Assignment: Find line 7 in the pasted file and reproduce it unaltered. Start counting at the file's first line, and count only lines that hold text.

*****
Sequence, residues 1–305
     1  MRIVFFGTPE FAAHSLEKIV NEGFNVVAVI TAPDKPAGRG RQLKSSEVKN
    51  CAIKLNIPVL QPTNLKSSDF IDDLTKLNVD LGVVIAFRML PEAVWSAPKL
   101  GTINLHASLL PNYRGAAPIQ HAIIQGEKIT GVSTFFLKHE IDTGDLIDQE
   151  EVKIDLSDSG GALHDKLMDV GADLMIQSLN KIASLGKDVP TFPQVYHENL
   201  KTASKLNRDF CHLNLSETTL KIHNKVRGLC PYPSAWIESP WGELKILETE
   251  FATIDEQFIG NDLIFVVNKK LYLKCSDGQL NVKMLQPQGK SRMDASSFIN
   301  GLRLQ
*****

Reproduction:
   251  FATIDEQFIG NDLIFVVNKK LYLKCSDGQL NVKMLQPQGK SRMDASSFIN